Interior studies Wyo. model

Still, other Western states have even fewer requirements for disclosure. New Mexico regulations, for instance, do not address disclosure of fracturing chemicals.

In the East, Pennsylvania currently requires public disclosure of fracturing chemicals, but only the MSDS sheets, which are available at regional offices. But amid a strengthening gas rush, the state is still determining how it will tax and regulate oil and gas production. New York has banned most high-volume fracturing while it studies the process and develops rules.

Congressional efforts to force disclosure of chemicals stalled this year and will likely disappear when Republicans take over the House next year. But at a forum on fracturing late last month, Interior Secretary Ken Salazar announced his department plans to develop rules on public disclosure of fracturing chemicals used on the vast public lands of the West (E&ENews PM, Nov. 30).

"I'd like to see that happen," Wyoming Oil and Gas supervisor Tom Doll, who shepherded the new regulations, said in an interview. "What we're saying is have something that's working. Nothing beats success like success."

Interior officials confirmed that they are looking to Wyoming as a model for such regulations, which would primarily affect lands and minerals overseen by the Bureau of Land Management. And Salazar gave Doll a keynote role at Interior's fracturing forum. Administration officials used the forum to explore how public disclosure has worked on federal lands in Wyoming.

Still, Salazar's announcement sparked outrage from Republicans on Capitol Hill.

"I oppose adding burdensome, new red-tape that will further discourage oil and gas production on public lands in the West," Sen. John Barrasso (R-Wyo.) wrote to Salazar after the announcement.

Barrasso declined to comment about how he would react to Interior adopting Wyoming's rules, saying through a spokeswoman that he would not comment on a "hypothetical situation."

Drillers also remain wary of the idea of federal regulation, even if it is modeled on rules they have accepted at the state level.

"If they copied it verbatim, we'd have no problem with it here in Wyoming," the state petroleum association's Robitaille said. "But in my experience, that's not how it works."

As gratified as they are to see movement toward greater disclosure, environmentalists say they still want to see stricter regulation, preferably by U.S. EPA under the Safe Drinking Water Act.

"Disclosure helps only after your water is contaminated. It doesn't prevent your water from being contaminated," said Amy Mall of the Natural Resources Defense Council.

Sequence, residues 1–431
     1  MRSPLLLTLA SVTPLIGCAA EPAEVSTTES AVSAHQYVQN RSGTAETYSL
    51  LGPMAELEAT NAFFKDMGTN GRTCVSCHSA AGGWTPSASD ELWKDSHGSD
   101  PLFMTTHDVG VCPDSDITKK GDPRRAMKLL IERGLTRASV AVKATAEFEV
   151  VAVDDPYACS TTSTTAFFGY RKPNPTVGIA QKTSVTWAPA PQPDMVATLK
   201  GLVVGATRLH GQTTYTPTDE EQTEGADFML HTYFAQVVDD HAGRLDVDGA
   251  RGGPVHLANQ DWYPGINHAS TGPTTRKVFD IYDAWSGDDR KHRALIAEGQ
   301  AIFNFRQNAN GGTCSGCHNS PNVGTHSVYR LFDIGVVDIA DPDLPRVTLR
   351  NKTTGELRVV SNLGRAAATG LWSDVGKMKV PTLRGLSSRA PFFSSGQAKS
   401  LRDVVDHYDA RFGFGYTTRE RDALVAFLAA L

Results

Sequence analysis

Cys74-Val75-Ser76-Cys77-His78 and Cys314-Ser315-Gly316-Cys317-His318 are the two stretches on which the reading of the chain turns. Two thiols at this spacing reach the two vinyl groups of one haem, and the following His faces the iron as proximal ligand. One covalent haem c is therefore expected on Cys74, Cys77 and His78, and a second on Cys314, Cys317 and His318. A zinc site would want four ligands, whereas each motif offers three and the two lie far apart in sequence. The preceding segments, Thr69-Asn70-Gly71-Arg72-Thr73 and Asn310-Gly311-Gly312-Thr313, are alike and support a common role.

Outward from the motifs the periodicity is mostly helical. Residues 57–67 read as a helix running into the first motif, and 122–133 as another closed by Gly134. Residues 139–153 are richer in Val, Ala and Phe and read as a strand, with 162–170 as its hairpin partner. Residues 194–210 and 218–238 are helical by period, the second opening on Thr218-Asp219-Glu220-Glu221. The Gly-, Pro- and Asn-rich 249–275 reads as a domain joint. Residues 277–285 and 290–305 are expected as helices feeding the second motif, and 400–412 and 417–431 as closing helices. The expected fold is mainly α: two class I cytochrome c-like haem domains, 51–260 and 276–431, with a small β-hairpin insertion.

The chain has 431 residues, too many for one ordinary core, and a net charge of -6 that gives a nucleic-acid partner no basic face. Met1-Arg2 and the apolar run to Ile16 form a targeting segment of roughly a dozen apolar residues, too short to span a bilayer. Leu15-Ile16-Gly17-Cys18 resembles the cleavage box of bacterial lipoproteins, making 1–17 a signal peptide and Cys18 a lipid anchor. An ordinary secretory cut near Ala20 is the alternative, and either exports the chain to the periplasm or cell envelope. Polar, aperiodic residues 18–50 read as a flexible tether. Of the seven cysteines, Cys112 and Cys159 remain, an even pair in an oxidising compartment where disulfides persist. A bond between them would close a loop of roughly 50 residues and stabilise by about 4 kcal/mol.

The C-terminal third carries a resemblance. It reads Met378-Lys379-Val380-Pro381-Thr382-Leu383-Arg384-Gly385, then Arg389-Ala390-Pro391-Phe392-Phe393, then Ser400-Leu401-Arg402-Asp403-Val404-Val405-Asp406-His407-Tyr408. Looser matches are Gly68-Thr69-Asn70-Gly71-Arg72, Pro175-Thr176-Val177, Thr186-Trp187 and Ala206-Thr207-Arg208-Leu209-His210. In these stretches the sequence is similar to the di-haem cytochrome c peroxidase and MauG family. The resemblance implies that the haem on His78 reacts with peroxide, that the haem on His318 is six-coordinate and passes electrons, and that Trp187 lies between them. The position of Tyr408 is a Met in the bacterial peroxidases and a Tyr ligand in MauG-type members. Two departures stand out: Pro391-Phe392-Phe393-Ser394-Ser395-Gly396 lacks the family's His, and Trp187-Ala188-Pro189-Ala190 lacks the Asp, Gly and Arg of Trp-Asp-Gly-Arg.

'Trade secrets'

And environmentalists are also worried that Wyoming is agreeing to too many industry requests to shield compounds as "trade secrets."

"While we've been getting disclosure, it looks like that will be tightening up," said Jill Morrison, an organizer with the Powder River Basin Resource Council in Sheridan, Wyo.

But Doll said secrecy will be the exception, not the rule. He said his staff has been careful not to shield the chemical ingredients of broadly used "plain vanilla" fracturing fluid.

"Initially, I think people thought, 'They'll say that everything is a trade secret,'" Doll said. "That hasn't been the case."

The application for the Mad Hatter well, a "frack job" for Strachan Exploration Inc. of Englewood, Colo., was denied last month because it failed to list the ingredients of compounds for which Halliburton had not yet received trade secret protection.

The Wyoming Oil and Gas Conservation Commission website lists 16 approvals for trade secret protection, some for single products and some for long lists of compounds.

Halliburton has gotten five fracturing products shielded. BJ Services won trade secret status for 36 products, including fracturing sand.

Their requests are public record, and their reasoning points to the importance of fracturing chemicals, even though they amount to a tiny fraction of the total volume of what is injected.

ChemEOR Inc., a Los Angeles-based oilfield chemical company, told Wyoming regulators it spent more than $400,000 directly on research and development of a product called InFlo 250 W. Halliburton said it spent "tens of millions of dollars" researching new fracturing fluids during the past five years. The company said that public disclosure of its proprietary formulas could cost it $375 million.

Halliburton also argues that public disclosure of the chemicals in the compound would discourage research into fracturing fluids that reduce damage to the environment.

Wyoming regulators gave trade secret protection to many products that are toxic, which could keep raising questions about the value of secrecy. An MSDS sheet on file with Ohio regulators, shows that ChemEOR's Inflo 250 W contains toxic methanol and 2-Butoxyethanol, a fracturing ingredient cited in several contamination allegations, and other hazardous components.

In several cases, Wyoming regulators granted trade secret status to compounds used by Halliburton and BJ Services but stated that they "are not approved for use in groundwater." That generally means they include some form of hydrocarbon, such as a petroleum distillate.

"The thing about trade secret protection," NRDC's Mall said, "is that it's only going to work if the public thinks its credible."